Originally recorded in England in 1390, this recipe (called Cormarye) is still luscious. Clever cooks who wanted to spare the expense of fashionable but costly spices from distant lands (especially on lowly pork) made use of aromatic seeds that can be grown in the temperate gardens of Old and New England—coriander and caraway. Paired with garlic and red wine and crispy roasted pork fat, the flavors are unbeatable. A dedicated über-locavore could substitute a local hot dried pepper for the black pepper and have an entirely local knockout of a dish.


“take loynes of Pork rawe and fle of the skyn,”

– from The Forme of Cury, 1390.


Take Colyandre, Caraway smale grounden, Powdour of Peper and garlec ygrounde in rede wyne, medle alle þise togyder and salt it, take loynes of Pork rawe and fle of the skyn, and pryk it wel with a knyf and lay it in the sawse, roost þerof what þou wilt, & kepe þat þat fallith þerfro in the rosting and seeþ it in a possynet with faire broth, & serue it forth witþ þe roost anoon.

Cormarye (Roast Loin of Pork) recipe from The Forme of Cury, 1390.

  • 1 tablespoon coriander seed
  • 1 tablespoon caraway seed
  • 1 teaspoon black peppercorns
  • 2 to 4 cloves garlic
  • 1 teaspoon kosher or coarse sea salt
  • tablespoons red wine
  • 1 bone-in pork loin roast, 3 to 4 pounds
  • 1/2 cup chicken or other broth or water

With a mortar and pestle or spice grinder, reduce the coriander, caraway, and pepper to coarse powder. Add the garlic and salt, and continue to mash together. Work in the red wine.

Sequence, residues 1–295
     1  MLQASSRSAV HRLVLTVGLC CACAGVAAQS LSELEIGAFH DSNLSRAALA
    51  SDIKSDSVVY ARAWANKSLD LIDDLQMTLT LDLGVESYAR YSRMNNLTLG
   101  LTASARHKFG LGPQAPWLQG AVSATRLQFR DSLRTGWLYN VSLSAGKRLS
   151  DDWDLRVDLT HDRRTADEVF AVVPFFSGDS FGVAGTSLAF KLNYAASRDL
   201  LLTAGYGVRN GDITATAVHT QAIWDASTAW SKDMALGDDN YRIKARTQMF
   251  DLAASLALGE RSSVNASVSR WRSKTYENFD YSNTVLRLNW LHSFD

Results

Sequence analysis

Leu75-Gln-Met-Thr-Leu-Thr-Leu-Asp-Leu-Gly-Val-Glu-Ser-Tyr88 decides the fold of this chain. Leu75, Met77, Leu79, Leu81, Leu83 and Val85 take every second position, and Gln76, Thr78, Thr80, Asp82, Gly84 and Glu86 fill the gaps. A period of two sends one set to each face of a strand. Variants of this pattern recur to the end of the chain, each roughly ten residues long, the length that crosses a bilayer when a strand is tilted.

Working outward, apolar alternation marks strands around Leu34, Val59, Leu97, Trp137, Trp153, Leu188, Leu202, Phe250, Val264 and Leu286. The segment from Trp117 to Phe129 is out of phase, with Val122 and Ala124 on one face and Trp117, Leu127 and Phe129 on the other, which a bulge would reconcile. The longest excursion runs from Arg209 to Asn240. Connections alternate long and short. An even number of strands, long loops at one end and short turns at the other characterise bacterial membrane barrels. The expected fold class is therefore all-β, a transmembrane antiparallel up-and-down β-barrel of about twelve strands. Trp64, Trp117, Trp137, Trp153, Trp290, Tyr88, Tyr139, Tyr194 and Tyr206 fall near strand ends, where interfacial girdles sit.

Slather this paste all over the pork loin. If you are in a hurry, allow it to come to room temperature thus; say, an hour or two. If you have the time, close it up in a container or zipper-lock bag and refrigerate up to 2 days (bring to room temperature before roasting).

Preheat the oven to 400 degrees. Place the meat in a roasting pan that just fits it, bone-side down. (If you have a boneless roast, use a rack if you have one, and set the roast fat side up.) Pop it in the oven, immediately turning the temperature down to 325 degrees. Roast the pork for 2 hours or until internal temperature reaches 145 degrees. Place pork on heated platter and tent loosely with aluminum foil. Let it rest 30 minutes, while you get everything else ready.

Scrape off the pan drippings into a measuring cup. (Deglaze the pan with a splash of red wine or water if anything is stuck on and crusty.) Spoon excess fat from the top of the drippings. (Save for frying up something delicious.) Put the drippings and the broth in a small saucepan and bring to a simmer. Taste for seasoning, and keep warm until time to serve. Slice the pork in thin slices and serve with the sauce. Roast Pork Loin with Luscious Old Rub

– P.M

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